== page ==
As is obvious from the picture and the name, it's a credit card sized slab of medical-documentation goodness. Scroll keys allow for navigating multiple pages of allergies, current medication and charts from recent scans and tests. Should the USB-rechargeable battery go dead, the toll-free number on the back links to the subscription-based EMI service, who for $20 a year will keep your information updated and available should you fall to the ground after drinking far too many carbonated beverages.
Phantom Limb Pain (PLP) is something difficult to conceptualise if you've not experienced it. People who haven't had to have parts of their body amputated don't immediately understand that, when injury is experienced somewhere on them, it's the brain that registers what we know of as "pain". Yet for amputees it can be a debilitating problem, with incredible episodes of chronic discomfort that cannot be treated due to the limb not actually being present. Until now it's been almost impossible to deal with; however, researchers at the University of Manchester, UK, have given sufferers a fake limb - not made of rubber or plastic, but experienced through virtual reality.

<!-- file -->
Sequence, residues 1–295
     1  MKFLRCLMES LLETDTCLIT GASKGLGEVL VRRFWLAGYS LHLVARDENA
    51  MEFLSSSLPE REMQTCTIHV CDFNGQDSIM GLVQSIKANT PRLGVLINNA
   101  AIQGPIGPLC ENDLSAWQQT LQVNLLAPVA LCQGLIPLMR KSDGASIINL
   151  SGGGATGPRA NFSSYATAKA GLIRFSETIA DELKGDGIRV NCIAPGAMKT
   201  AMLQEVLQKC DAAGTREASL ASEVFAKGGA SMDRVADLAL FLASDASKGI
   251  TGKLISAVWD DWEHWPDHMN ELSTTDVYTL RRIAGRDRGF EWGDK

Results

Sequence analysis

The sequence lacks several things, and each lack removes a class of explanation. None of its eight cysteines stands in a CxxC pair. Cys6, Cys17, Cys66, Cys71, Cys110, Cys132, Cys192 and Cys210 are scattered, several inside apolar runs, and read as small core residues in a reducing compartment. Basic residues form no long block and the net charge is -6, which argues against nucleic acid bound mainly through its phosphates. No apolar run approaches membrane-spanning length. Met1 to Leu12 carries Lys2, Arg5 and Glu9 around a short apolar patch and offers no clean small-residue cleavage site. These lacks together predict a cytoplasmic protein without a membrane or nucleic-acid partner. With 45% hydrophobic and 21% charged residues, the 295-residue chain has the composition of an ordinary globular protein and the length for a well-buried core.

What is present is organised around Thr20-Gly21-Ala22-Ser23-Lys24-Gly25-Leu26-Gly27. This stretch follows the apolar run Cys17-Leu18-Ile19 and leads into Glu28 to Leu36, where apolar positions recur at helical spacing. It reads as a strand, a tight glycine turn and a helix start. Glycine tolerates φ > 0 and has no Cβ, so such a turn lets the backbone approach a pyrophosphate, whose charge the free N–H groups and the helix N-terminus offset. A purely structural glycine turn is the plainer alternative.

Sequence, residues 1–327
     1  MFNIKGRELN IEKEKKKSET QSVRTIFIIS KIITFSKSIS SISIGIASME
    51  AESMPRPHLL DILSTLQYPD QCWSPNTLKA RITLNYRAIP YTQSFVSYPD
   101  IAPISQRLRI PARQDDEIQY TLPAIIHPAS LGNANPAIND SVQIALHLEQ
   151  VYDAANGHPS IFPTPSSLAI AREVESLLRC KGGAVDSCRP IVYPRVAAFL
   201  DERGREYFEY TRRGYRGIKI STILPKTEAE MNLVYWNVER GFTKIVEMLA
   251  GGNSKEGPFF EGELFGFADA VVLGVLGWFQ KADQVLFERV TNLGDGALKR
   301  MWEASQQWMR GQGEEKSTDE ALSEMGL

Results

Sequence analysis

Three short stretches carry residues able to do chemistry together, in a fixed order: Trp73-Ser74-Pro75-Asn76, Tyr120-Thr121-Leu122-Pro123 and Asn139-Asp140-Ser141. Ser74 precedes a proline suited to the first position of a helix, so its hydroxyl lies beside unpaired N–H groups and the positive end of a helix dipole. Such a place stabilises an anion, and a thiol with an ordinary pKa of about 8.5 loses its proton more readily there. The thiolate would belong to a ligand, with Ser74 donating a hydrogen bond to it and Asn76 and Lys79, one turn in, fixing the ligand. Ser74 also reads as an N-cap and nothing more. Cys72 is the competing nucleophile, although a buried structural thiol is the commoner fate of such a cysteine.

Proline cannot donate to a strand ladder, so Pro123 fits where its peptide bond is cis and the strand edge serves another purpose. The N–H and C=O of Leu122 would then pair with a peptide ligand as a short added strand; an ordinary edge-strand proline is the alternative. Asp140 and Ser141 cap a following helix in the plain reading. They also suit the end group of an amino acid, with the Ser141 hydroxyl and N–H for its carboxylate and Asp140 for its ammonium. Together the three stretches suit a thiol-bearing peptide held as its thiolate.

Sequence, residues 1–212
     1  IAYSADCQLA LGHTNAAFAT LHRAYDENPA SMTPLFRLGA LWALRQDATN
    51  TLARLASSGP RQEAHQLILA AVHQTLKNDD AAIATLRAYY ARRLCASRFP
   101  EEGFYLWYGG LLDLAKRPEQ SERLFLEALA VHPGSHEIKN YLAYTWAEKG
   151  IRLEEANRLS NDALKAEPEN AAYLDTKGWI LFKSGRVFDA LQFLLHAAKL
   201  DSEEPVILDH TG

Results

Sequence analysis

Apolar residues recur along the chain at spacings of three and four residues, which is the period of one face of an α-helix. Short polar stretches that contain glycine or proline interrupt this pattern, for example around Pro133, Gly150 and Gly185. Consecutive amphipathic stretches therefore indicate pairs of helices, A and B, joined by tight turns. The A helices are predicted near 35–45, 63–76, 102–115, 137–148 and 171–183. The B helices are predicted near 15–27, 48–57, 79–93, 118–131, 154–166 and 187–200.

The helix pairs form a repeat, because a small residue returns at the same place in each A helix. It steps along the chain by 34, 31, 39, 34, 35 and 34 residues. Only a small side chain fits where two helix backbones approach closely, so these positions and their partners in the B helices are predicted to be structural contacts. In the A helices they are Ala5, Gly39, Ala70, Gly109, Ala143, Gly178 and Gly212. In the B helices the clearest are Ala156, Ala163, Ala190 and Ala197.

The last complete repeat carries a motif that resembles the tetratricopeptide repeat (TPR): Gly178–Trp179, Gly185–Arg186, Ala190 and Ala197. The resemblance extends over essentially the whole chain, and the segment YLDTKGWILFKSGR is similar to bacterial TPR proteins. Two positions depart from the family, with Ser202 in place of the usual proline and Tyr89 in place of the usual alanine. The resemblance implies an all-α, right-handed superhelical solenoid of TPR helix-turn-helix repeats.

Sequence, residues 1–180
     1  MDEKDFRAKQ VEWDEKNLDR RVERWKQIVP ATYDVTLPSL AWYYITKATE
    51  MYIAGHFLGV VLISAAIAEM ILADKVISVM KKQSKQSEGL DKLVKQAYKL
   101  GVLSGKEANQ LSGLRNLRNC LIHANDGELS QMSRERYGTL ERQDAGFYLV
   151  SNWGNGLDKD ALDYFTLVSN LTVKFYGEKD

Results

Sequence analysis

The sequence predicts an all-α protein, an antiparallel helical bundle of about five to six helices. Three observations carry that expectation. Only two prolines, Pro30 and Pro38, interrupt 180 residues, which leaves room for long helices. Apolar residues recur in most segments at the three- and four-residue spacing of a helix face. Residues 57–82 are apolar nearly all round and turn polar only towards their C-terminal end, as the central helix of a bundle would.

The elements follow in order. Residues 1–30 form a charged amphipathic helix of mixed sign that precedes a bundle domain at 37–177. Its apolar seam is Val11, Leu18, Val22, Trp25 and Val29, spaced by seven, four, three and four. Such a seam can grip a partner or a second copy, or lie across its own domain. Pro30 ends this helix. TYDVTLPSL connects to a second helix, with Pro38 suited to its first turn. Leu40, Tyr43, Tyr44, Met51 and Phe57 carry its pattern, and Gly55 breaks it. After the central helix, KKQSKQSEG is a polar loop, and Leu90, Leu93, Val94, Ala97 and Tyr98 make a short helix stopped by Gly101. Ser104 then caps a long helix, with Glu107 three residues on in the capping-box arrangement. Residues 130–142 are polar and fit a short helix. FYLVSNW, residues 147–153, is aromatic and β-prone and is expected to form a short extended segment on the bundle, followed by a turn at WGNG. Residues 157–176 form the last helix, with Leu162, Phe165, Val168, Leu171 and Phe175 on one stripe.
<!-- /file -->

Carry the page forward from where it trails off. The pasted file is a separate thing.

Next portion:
If I told you that I knew about a new gizmo for your bedroom that vibrates in a pleasing and relaxing way and requires mains electricity to work its magic, would you slap me?
Before my cheeks get beaten red raw, I'll explain that it's Kaffe Matthew's deeply curious Sonic Bed, which apparently lulls occupants with a complex and endless loop of soothing sounds. Personally I just like the idea of a bed that you step up to and then drop down into, but I don't think there's room in my hovel for one.